Indeed, the manipulation of language was at the core of the Powell Memorandum, a 1971 document that is seen by many as launching and legitimizing the neoliberal project. Two years before the Chilean coup, Supreme Court Justice Lewis Powell warned that “the American free enterprise system was under attack” and urged the US government and corporations to respond through privatization, before “communists, new leftists, and other revolutionaries” endangered the “strength and prosperity of America and the freedom of our people.” Like money, fear is a language we all understand and seek to avoid.
To that end, Gatica’s work asks the question, where do nuance and creativity fit in a world of one language (money) and dictated by a fear of not having enough? Ironically, the very words that populate Gatica’s work are those that neoliberals use to justify their policies. Facing housing, incarceration, and debt crises, Americans are arguably less free than they ever have been, and the images of abandoned retail stores in Gatica’s show are the closest depictions to what we have as an authentic life.
About his work, Gatica says he hopes that those who visit the exhibit engage with it physically and in the spirit of what he calls emancipación poética (poetic emancipation), his term for using poetry to free an object or a situation from its common use or understanding. The objects in the show, he says, carry that sense with them.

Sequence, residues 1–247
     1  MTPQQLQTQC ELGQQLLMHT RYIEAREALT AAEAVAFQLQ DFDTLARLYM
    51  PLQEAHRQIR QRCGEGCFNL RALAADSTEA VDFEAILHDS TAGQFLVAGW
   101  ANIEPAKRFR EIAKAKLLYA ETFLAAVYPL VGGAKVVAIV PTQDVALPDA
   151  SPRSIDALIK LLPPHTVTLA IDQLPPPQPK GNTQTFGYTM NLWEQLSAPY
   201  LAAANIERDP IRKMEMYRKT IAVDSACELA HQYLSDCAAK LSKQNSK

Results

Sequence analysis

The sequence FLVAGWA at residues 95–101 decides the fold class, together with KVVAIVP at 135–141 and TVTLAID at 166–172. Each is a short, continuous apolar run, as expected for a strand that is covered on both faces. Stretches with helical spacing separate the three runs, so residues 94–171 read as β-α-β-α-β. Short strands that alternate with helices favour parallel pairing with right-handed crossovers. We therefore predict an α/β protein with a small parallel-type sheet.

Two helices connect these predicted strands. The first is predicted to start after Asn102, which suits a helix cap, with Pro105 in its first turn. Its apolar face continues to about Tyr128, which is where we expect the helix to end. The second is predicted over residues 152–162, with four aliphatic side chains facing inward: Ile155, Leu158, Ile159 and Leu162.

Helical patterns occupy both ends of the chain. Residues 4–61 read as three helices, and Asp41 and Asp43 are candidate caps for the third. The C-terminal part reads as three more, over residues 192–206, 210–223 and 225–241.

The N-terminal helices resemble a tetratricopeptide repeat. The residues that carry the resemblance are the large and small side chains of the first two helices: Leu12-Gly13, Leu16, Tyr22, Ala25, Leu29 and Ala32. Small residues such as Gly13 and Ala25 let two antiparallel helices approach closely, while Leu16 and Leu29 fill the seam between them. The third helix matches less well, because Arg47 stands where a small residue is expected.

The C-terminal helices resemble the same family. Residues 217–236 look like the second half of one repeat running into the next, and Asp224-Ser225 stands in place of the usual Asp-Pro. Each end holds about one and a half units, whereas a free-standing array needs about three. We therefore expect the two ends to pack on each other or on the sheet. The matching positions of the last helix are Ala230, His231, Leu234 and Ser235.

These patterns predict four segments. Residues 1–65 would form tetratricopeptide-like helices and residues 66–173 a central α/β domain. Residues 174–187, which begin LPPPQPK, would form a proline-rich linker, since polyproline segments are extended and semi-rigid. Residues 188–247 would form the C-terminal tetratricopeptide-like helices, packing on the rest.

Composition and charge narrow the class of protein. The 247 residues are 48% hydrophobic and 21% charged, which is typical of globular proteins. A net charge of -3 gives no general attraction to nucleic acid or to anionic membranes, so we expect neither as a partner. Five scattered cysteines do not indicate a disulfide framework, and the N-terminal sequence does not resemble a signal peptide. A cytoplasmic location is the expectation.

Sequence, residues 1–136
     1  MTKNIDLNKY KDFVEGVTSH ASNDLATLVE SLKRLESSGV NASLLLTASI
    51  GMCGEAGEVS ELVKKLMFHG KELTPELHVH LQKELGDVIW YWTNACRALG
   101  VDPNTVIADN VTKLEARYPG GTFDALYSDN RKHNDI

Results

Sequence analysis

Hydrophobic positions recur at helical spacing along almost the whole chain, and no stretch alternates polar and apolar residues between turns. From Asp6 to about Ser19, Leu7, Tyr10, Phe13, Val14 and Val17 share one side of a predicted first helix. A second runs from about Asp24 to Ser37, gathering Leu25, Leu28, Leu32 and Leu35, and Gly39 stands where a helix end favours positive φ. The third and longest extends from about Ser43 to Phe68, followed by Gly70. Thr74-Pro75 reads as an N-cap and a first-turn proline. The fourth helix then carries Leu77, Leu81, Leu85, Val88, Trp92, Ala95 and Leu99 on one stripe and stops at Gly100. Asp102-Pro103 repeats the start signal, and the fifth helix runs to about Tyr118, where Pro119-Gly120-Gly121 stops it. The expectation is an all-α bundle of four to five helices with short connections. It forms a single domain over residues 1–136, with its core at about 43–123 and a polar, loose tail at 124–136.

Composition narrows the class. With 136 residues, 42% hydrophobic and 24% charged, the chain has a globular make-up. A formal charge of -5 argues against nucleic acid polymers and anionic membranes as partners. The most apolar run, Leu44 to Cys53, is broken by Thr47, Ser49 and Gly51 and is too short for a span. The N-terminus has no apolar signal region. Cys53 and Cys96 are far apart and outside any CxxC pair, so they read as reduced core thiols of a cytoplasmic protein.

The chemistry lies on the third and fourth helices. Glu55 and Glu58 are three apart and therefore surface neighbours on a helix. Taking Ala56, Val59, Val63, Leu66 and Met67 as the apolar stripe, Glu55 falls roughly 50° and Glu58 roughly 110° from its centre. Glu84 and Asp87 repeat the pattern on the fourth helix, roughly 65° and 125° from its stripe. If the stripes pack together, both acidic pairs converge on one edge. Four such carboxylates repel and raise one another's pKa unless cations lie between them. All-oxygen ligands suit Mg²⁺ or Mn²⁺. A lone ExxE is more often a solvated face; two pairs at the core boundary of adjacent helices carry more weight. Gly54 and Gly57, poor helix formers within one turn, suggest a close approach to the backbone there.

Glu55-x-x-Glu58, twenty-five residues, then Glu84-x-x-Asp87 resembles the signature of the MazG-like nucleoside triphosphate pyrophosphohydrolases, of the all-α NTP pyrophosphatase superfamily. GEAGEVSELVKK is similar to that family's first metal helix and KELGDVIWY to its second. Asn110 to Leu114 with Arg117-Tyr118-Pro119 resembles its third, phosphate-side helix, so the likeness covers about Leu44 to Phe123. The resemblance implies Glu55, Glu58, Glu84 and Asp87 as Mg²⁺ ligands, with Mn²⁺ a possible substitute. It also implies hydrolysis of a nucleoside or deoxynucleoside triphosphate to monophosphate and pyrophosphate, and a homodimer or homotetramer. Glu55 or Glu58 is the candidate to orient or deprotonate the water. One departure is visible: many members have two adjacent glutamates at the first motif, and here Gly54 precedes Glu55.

Indeed they do: consider Stones Above Diamonds and Preface to an Automated Stratosphere (2022), which displays the debt of the world’s middle-to-low-income countries, according to 2022 World Bank data, on a long narrow column of LED screens. Achenbach likens the piece to the National Debt Clock that stands near Times Square displaying the trillion-dollar, and growing, public US debt. For sociologist Jean Baudrillard, the clock represented “the disappearance of the referential universe.” Gatica’s work explores similar abstractions of value, though, in this case, with a gaze turned toward the rest of the world.
Gatica derives inspiration from a multiplicity of writers, artists, and activists, including Orlando Letelier, a Chilean politician, who, in 1976, a month after writing an open letter in The Nation exposing the “awful toll” of the Chicago Boys’ policies, was assassinated only a mile away from von ammon co.
“It’s a very early, almost illuminated text about what would happen with Chile under the new economic interventions imposed by the U.S. under Pinochet’s regime,” Gatica said of the letter. Almost prophetically, Letelier’s warnings to the world about neoliberalism came true.
Gatica’s photographs and multimedia sculptures reverberate Letelier’s warnings and their aftermath. Perhaps, 50 years from now, Gatica’s commentary will resonate for another artist. Sujeto Cuantificado: Quantified Subject is on view through May 7.